This week: Google wants you to stop optimizing your site for RankBrain, Snapchat is making advertising easier, and wait until you hear about what MailChimp is offering for free.
Snapchat Rolls Out Self-Serve Ad Platform
Advertisers who are targeting millennials, rejoice!
Snapchat Ad Manager will officially go live next month. It will include all of Snapchat’s targeting options.
The good news is that the new platform will allow “the little guy,” who can’t afford ad buys that involve the assistance of a sales rep, to start buying ads on Snapchat.
Snapchat has been testing the self-serve platform in various countries for a while. Now, the company is convinced it’s ready for prime time.
As of now, though, advertisers can only buy Snapchat’s vertical video Snap Ads.
MailChimp Email Automations Are Now Free to Everyone
MailChimp is offering triggered emails available to everybody. For free.
Previously, email automations were only available to users who subscribed to MailChimp’s enterprise-level service. Now, all 15 million users get them free of charge.
The automated emails can welcome new subscribers, recommend products or services, follow up on people who abandoned their shopping cart, and re-engage with customers who haven’t visited for a while.
“[I]f users want to send beautifully branded receipts and shipping notifications to their customers with additional product marketing in them, that’s free,” said John Foreman, VP of product management. “No one is offering this breadth of functionality to this many businesses at this (non-existent) price point. Few even have these features at all, even for paid users.”
AdSense Now Allows 300×250 Ads Above the Fold on Mobile
Publishers who rely on Google AdSense for revenue can now add 300×250 ads above the fold on their mobile sites.
John Brown, head of publisher policy communications at Google, announced the change in a blog post: “After careful review, we’ve determined that when 300×250 ads are implemented above the fold in a user-friendly way, the ads do not annoy, distract, or result in ad performance issues.”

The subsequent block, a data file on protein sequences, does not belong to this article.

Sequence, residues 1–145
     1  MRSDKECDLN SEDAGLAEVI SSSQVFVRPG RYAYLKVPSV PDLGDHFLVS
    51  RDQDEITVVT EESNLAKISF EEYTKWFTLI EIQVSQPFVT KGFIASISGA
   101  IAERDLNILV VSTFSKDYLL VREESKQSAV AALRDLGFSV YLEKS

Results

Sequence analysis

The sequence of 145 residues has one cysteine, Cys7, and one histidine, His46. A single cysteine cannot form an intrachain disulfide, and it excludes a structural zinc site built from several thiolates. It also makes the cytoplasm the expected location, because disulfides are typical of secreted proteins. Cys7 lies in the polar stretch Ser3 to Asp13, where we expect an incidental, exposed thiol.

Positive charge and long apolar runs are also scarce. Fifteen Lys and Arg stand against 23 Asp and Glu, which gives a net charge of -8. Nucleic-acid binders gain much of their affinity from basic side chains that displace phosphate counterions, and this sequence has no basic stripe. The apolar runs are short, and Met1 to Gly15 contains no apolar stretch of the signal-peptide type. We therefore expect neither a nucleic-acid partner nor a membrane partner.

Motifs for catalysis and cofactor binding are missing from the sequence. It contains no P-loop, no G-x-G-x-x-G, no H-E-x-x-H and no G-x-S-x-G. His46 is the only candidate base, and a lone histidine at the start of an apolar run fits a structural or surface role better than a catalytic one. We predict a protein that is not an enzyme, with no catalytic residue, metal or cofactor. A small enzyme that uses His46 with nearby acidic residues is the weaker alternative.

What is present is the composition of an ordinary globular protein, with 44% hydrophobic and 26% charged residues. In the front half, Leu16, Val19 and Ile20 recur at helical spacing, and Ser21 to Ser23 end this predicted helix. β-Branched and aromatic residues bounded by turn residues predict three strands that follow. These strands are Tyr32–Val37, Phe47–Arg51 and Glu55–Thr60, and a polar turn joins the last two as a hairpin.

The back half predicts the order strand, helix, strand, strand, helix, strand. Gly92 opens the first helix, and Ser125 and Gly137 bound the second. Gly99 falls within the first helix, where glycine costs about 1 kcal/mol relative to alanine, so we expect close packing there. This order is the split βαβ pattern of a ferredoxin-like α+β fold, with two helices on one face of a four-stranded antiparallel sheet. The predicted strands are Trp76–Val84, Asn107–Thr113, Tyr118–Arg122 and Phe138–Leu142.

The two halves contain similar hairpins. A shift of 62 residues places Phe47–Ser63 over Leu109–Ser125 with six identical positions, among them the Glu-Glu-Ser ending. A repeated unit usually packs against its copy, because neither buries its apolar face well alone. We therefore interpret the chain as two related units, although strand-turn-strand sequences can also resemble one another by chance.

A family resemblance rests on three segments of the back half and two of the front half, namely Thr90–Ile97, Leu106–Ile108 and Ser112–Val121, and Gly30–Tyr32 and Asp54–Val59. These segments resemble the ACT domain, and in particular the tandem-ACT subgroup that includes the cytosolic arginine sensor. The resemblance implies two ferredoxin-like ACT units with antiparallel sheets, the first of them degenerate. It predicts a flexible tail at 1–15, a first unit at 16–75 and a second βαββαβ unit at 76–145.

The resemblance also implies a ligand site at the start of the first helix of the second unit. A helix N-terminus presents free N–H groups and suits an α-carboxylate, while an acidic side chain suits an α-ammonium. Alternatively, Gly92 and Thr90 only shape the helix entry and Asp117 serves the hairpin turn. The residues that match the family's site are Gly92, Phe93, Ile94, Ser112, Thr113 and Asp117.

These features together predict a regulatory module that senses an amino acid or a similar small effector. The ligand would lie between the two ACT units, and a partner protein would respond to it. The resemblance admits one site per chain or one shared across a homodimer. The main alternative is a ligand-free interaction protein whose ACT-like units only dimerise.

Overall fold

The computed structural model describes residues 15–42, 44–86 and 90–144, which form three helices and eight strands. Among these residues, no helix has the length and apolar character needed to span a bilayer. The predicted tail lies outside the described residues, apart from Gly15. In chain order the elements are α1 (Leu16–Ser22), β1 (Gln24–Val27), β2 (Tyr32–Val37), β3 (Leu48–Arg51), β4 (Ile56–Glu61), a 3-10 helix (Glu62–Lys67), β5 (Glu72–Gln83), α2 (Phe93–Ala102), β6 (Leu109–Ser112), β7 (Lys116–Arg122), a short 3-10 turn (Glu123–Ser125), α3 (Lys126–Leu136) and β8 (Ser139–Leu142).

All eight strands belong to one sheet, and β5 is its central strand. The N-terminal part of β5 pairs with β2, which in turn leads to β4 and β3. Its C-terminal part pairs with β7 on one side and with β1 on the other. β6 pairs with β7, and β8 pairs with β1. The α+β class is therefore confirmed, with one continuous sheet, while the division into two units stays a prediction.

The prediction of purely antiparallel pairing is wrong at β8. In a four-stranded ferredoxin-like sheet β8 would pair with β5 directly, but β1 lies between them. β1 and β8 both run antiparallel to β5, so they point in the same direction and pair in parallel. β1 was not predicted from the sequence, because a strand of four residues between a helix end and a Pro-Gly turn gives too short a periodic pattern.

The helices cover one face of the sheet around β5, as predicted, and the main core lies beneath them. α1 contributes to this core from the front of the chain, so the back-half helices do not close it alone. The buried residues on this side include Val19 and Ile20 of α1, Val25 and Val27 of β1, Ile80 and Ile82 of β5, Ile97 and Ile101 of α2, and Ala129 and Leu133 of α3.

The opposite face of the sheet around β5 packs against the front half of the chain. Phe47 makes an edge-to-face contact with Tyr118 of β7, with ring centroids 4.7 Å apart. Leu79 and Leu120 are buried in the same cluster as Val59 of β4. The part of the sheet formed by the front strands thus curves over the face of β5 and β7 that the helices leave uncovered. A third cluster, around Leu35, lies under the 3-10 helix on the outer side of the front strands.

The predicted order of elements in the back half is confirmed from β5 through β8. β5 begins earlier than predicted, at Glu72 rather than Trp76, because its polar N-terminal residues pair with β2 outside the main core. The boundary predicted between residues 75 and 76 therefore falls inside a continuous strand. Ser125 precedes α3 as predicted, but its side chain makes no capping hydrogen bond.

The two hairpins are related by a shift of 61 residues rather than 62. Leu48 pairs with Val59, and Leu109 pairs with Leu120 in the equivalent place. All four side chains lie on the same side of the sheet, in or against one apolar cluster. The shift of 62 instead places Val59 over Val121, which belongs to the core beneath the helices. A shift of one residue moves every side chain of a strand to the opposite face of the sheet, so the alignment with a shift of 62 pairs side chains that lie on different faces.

Publishers are still required to have site content in the view, though, so as to avoid accidental ad clicks.
Report: Search Ad Revenue up 19%
According to a report by iab, revenue from search ads has hit a new high.
Search ads accounted for $35 billion in 2016. That’s up from $29.5 billion in 2015.
Unsurprisingly, though, desktop search revenues were down year-over-year as advertisers shifted their focus to mobile.
Mobile revenues increased 77% from the previous year. In fact, more than half (51%) of all digital ads are mobile ads, according to the report.
Google Rolls out Similar Audiences for Search and Customer Match Targeting
Google is offering online marketers a couple of new weapons in their arsenal: similar audiences for search and Customer Match for Shopping targeting.
Similar audiences are built from previous site visitors. The feature uses remarketing lists as a basis for creating the similar audience.
According to beta tester Amy McNeil, who’s the head of digital marketing at Fiat Chrysler Automobiles US, Google’s similar audiences feature delivered an 11% increase in the clickthrough rate and a 22% increase in conversions.
The Customer Match for Shopping feature allows marketers to target existing customers with Shopping ads.
Google: Stop Optimizing for RankBrain
Stop optimizing your site for RankBrain. That’s the message from Google’s John Mueller.
If optimizing for Rankbrain = make a great site, it seems like the Rankbrain part is irrelevant. Make great sites for your users, folks.
— John ☆.o(≧▽≦)o.☆ (@JohnMu) May 4, 2017
This past week on Twitter, Mueller posted the following: “If optimizing for Rankbrain = make a great site, it seems like the Rankbrain part is irrelevant. Make great sites for your users, folks.”
So, just take care of your users, and RankBrain will take care of your site.